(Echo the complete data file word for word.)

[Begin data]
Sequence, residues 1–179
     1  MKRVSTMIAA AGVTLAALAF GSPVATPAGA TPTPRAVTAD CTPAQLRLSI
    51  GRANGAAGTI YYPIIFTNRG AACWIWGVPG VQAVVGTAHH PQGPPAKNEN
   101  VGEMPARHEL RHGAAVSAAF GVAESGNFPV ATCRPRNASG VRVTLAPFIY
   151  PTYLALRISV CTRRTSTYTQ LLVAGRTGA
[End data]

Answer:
Sequence, residues 1–179
     1  MKRVSTMIAA AGVTLAALAF GSPVATPAGA TPTPRAVTAD CTPAQLRLSI
    51  GRANGAAGTI YYPIIFTNRG AACWIWGVPG VQAVVGTAHH PQGPPAKNEN
   101  VGEMPARHEL RHGAAVSAAF GVAESGNFPV ATCRPRNASG VRVTLAPFIY
   151  PTYLALRISV CTRRTSTYTQ LLVAGRTGA